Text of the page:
Phone schemes targeting seniors and convicted sex offenders, State Police say

Posted at 7:49 PM, Jun 21, 2018
and last updated 2018-06-21 20:22:35-04

RICHMOND – The Virginia State Police is warning the public of an increase in phone schemes that are targeting seniors and convicted sex offenders.

Authorities say the schemes involve callers threatening people into paying them hundreds of dollars in gift cards.

In one popular scheme, the caller says a relative has been arrested and needs a substantial amount of money to be released from jail. The caller then convinces the victim to provide extensive personal information – such as the date of birth, address, social security number and other family members’ names – about the relative who supposedly needs help.

State Police say they are also getting calls from convicted sex offenders in Northern Virginia who are being told there is a warrant out for their arrest. The scammer tells the sex offender not to call State Police and that the only way to confirm the warrant is to pay a fine.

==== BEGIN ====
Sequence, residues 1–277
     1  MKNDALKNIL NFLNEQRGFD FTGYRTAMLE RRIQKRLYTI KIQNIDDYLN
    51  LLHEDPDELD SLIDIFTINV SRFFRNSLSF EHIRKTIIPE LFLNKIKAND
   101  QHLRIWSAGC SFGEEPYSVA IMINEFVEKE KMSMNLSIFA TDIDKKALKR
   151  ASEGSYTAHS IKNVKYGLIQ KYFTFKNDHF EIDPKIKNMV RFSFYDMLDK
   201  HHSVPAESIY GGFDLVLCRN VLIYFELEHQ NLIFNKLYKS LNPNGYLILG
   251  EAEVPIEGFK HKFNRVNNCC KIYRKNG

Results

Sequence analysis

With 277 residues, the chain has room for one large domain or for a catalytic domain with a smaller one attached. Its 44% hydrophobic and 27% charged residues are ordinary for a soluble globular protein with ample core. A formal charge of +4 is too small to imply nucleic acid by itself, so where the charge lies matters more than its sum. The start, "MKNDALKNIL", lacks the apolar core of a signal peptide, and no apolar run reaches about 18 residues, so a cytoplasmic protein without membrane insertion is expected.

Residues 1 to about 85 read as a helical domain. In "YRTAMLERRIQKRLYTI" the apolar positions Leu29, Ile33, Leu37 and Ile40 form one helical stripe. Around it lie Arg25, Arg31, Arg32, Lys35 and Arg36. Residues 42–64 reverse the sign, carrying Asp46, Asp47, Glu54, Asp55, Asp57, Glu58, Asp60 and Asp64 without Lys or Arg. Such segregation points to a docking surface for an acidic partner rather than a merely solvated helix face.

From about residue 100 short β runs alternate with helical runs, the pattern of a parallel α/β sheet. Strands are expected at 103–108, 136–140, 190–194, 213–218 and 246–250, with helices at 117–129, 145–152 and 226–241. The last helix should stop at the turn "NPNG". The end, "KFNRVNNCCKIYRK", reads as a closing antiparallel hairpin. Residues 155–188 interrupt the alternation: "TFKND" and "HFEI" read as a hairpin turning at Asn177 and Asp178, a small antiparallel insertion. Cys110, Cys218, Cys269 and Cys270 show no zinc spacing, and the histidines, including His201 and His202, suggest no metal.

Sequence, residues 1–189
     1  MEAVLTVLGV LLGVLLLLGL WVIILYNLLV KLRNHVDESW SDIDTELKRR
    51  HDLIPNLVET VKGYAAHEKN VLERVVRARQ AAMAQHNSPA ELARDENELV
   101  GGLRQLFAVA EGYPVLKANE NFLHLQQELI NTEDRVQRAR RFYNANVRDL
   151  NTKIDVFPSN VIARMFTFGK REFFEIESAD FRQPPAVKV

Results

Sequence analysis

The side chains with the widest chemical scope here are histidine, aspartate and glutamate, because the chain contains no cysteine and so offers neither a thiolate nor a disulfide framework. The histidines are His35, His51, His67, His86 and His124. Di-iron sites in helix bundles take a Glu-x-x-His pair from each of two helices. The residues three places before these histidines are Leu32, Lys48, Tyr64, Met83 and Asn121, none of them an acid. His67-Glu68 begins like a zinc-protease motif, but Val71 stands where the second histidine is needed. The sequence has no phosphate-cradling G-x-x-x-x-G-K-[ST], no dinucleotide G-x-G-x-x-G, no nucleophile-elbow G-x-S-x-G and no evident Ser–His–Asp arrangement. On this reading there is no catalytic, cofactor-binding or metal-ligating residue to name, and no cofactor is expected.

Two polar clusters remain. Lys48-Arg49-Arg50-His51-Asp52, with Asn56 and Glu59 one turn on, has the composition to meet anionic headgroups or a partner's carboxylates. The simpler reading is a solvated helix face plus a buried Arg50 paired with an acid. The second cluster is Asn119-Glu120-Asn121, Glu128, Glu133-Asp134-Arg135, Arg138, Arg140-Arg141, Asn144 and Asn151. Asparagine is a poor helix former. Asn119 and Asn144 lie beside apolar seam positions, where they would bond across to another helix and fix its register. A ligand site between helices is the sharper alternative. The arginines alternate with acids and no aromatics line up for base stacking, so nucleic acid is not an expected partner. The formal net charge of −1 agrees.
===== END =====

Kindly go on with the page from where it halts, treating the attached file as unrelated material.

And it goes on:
According to Virginia law, it is illegal to use the information provided on the Virginia Sex Offender Registry to intimidate someone listed on the registry. Violation will result in a Class 1 misdemeanor.

Law enforcement says in both cons, the scammer tells the victim how the payment should be submitted, which is usually through an eGift card or similar payment to a specified account or name given by the caller. They say the scammer will often pressure, threaten and verbally abuse the victim into complying.

The scammer will also manipulate caller ID in an act known as “spoofing,” which makes the number look like it is coming from a nearby State Police office or local police or sheriff’s office. To do so, the scammer often uses pre-paid phones and are typically not even in the jurisdiction where the crime happened, which makes catching them difficult.

Authorities say to hang up and contact your local law enforcement agency or the Virginia State Police. You can also make a complaint to the Federal Trade Commission (FTC), which works with other law enforcement agencies to bring scam artists to justice.

Click here to file a complaint online or call 1-877-FTC-HELP.